Treasury promises to help homeowners, but the potential reality remains a mystery.
The government’s latest bank bailout plan commits $50 billion to
prevent "avoidable" foreclosures, but details on how the money will be
spread around are in short supply, bankers and a consumer group said.
As part of the trillion-dollar-plus program unveiled Tuesday to
stabilize financial markets, the Treasury Department said the funds
would be used to reduce monthly payments of "owner-occupied
"It’s a great start," said Tom Feltner, policy director for the
Woodstock Institute, a Chicago-based economic development non-profit.
"But we need details on how it will specifically help those homeowners
as quickly as possible to avoid more foreclosures."
The Woodstock Institute would like to see reductions of interest
rates and principal for homeowners who owe more than their houses are
worth, not just extended loan terms.
Details of the housing program are promised in the next few weeks, the Obama administration said.
The head of the Community Bankers Association of Illinois said it
likes an initiative that would boost small-business and community bank
lending. The Small Business Administration’s flagship 7(a) loans were
down 57 percent in the quarter ended Dec. 31, compared with the same
period a year ago.
"Quite a few of our members historically have used SBA loan programs," said Robert Wingert, the bankers association president.
Peter Cook, chief investment officer for Performance Trust
Investment Advisors, a Chicago-based investment firm, said the plan
largely appeared to be "warmed-over TARP One." The Troubled Asset
Relief Program was the much-criticized first leg of the bank bailout
plan in which capital was injected into banks.
Supply and demand imbalances in the mortgage market are the central problems that must be addressed, said Cook.
Treasury Secretary Timothy Geithner "provided broad guidelines but
did not drill down and give details," Cook said. "[President Barack]
Obama said we’re going to do something bold and new, and it was neither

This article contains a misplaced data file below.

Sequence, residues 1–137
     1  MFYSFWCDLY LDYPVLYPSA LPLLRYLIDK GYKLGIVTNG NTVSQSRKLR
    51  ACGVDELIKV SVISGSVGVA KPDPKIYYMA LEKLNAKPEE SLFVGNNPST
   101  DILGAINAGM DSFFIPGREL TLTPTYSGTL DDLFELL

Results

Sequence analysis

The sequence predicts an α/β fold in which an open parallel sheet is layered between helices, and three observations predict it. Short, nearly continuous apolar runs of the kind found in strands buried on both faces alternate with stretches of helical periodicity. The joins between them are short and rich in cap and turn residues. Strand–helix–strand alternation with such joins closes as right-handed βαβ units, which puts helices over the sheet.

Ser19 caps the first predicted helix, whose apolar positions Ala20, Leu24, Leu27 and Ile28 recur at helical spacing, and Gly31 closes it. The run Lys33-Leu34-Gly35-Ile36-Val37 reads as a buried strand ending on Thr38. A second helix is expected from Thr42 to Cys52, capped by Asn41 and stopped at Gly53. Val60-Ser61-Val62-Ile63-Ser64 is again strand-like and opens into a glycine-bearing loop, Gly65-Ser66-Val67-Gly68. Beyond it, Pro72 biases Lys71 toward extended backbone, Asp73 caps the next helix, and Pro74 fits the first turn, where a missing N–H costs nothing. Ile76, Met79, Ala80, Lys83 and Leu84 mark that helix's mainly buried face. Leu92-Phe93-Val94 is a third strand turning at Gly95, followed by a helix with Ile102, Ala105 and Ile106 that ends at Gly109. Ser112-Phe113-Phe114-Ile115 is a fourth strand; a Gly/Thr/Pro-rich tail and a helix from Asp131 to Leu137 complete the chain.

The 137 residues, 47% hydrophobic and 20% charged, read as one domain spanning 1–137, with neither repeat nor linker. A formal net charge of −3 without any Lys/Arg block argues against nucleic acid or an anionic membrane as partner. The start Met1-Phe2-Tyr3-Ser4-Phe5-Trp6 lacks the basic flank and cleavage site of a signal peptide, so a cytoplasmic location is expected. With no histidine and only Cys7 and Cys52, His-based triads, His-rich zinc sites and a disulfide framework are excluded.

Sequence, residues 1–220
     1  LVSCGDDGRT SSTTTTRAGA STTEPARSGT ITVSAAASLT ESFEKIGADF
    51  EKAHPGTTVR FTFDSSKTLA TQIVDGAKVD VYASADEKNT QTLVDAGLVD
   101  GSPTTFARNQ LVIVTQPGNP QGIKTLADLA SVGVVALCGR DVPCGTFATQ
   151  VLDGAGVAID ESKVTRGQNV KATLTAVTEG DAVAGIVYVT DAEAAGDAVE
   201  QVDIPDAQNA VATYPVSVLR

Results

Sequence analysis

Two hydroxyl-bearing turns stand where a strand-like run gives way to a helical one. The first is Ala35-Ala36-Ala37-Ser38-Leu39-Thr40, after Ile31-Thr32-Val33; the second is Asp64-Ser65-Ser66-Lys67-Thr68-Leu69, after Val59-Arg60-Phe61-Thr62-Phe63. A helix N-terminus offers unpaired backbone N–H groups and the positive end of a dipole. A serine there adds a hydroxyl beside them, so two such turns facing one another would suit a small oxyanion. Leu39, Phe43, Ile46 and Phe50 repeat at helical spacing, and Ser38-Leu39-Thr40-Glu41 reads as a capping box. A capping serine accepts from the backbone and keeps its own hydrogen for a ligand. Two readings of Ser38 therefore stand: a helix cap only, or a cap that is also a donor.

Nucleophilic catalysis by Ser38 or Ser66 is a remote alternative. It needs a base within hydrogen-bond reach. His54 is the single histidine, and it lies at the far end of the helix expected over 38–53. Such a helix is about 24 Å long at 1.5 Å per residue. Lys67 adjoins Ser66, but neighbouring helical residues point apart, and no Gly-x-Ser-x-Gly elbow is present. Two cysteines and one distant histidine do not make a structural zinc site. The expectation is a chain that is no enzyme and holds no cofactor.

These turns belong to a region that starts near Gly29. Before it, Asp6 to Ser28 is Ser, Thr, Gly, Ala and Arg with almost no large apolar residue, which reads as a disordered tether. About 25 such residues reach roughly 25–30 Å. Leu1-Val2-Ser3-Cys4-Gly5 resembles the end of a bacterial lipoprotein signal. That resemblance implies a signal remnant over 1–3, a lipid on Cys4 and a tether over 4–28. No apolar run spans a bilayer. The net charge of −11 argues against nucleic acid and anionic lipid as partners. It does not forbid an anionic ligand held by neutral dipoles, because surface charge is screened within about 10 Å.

bold nor new."
But Robert Gecht, chief executive of Albany Bank & Trust, said
the plan serves to beef up capital levels of needy banks. While Albany
doesn’t want or need any government money, Gecht said committing up to
$1 trillion for consumer and business lending as well as undertaking
efforts to get distressed assets off of banks’ books should help
Stephen Calk, chairman and CEO of mortgage banking firm Chicago
Bancorp, sees evidence that the government is realizing that to
stabilize the economy it must first stabilize housing prices.
"The only way to stabilize home prices is to increase demand for
the existing inventory of housing stock," Calk said. "To increase
demand, the government believes that lower mortgage rates will motivate
more potential buyers to move into the market."
The Treasury said that it and the Federal Reserve remain committed
to expand as necessary the Fed’s efforts to help drive down mortgage
rates by spending as much as $600 billion on government-sponsored
entities’ mortgage-backed securities and related debt.
"These are good loans given to good borrowers with good credit who
can and will make their mortgage payments," Calk said. "Balance sheets
of the big money-center banks like Citibank, JPMorgan Chase and Wells
Fargo aren’t big enough to fund the demand for mortgage products on
their own and so they will use the [government-sponsored enterprises]
Fannie Mae and Freddie Mac."
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